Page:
1890-1917 Washington State Agricultural College and School of Science chartered, with “mechanic arts” as the name of the mechanical engineering program. The first engineering building, Mechanical Hall, is constructed, and the school has its first engineering graduates: Orin Hector Stratton, Carl Estby, civil engineering. First woman engineering graduate is Mabel Lambert Taylor, mechanical engineering. College of Mechanic Arts and Engineering established with Hubert V. Carpenter as dean. Architecture, civil engineering, chemical engineering, and agricultural engineering get underway.
1919- 1941 The Engineering Experiment Station is established to perform applied research, the results to be communicated regularly to the profession; Homer Dana (’15, electrical engineering) begins his career at the university. An ‘engines and tractors laboratory’ is established in Mechanical Engineering Shops Complex. Program in materials science and engineering gets underway, and the Mining Experiment Station established.
1942—1955 After the death of Carpenter, Royal D. Sloan becomes dean. Division of Industrial Research established, absorbing the Mining Experiment Station and the Engineering Experiment Station; Advisory Board established. Washington State Institute of Technology established by state Legislature in Pullman, with William A. Pearl as director. It incorporated the previously independent Division of Industrial Research, College of Engineering, and School of Mines, and its purpose was to diversify the state’s faltering resource-based economy. Construction of Smith Agricultural Engineering Building. Physical metallurgy program established.
1956- 1969 J. P. Spielman becomes dean. State College becomes Washington State University. Homer Dana and Royal Sloan retire. Ph. D. in engineering science approved. First Ph.D. awarded to David Comer, electrical engineering. By1968, the last mining program phased out, and the Mining Experiment Station closed.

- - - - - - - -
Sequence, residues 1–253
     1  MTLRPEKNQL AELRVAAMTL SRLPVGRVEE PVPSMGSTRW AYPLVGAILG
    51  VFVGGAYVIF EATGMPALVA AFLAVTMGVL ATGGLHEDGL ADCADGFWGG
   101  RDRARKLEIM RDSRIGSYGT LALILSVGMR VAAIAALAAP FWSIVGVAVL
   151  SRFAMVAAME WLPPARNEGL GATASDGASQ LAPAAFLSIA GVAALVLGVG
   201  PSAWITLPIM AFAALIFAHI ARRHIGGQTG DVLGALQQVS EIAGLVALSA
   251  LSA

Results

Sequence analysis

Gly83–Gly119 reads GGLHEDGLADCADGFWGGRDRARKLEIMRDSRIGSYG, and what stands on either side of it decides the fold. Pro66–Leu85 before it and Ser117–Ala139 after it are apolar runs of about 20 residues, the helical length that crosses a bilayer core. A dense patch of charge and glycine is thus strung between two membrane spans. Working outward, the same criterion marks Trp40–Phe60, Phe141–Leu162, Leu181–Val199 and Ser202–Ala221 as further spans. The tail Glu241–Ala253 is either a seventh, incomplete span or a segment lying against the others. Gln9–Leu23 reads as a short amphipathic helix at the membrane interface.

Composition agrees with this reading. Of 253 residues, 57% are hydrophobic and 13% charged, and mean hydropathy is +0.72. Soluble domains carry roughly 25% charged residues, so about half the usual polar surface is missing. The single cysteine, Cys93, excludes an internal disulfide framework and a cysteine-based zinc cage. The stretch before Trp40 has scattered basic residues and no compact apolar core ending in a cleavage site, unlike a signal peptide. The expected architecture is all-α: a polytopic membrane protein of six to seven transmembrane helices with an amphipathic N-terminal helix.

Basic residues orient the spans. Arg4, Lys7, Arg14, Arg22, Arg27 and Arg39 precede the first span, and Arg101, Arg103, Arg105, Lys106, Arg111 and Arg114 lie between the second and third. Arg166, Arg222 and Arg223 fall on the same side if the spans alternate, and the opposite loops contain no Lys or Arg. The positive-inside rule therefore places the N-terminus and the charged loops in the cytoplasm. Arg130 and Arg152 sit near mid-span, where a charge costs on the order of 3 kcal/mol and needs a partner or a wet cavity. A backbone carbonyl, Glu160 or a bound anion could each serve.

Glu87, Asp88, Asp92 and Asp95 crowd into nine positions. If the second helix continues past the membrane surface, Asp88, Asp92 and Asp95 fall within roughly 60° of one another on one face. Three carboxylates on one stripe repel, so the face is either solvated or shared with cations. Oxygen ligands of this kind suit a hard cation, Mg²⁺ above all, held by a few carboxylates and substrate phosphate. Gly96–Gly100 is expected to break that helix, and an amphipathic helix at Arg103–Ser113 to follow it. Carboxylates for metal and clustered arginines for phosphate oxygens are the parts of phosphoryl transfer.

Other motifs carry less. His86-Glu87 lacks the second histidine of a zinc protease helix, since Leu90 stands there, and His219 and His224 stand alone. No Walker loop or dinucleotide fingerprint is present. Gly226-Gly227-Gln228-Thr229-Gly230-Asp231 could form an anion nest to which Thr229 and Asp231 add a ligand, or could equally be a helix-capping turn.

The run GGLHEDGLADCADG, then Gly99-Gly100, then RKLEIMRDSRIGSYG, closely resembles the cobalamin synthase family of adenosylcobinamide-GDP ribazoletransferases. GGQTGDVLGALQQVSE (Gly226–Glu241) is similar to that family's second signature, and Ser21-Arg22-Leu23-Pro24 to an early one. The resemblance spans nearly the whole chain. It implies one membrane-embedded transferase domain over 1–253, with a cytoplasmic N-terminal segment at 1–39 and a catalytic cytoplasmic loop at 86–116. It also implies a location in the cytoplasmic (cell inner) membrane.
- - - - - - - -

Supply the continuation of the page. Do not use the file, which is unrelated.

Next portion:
1970-1983 Carl Hall becomes dean. First degree in geological engineering awarded. Computer engineering program starts, electrical engineering adds “computer” to the department name. Hall resigns to become deputy assistant director of engineering for the National Science Foundation.
1984—1994 Reid C. Miller becomes dean. First electrical engineering degree awarded with computer option; WSU celebrates its centennial. School of Electrical Engineering and Computer Science created, with Yacov Shamash as director. Architecture design studio officially established at WSU Spokane. Carpenter Hall reopens as the home of the School of Architecture after four years of extensive remodeling. College helps university develop “virtual education” prototypes and information technology, such as interactive texts, networking, imaging, animation, code compression, multi-media authoring and other such distance learning efforts.
1995-1997 Dean Robert A. Altenkirch succeeds Reid Miller as College head. Final-year construction management and architecture students move into new Interdisciplinary Design Institute at Spokane’s Riverpoint Higher Education Park. Engineering Teaching and Research Facility built and occupied. New programs added: BS Computer Engineering, BS Manufacturing Engineering.
1998-2005 Anjan Bose becomes Dean for College of Engineering and Architecture. First WSU engineering summer camp for Native American youth held. Engineering Life Sciences building constructed at WSU-Vancouver. School of Architecture and Construction Management establishes Master of Architecture degree as its professional degree. Program in bioengineering established. Dean Anjan Bose named to the National Academy of Engineering. Construction management moves from a five-year to four-year degree program. Program in bioengineering joins with department of chemical engineering to form School of Chemical Engineering and Bioengineering. Bioengineering Research Center established. Hoping to better prepare students for a global workplace, college establishes Center for Entrepreneurship with College of Business.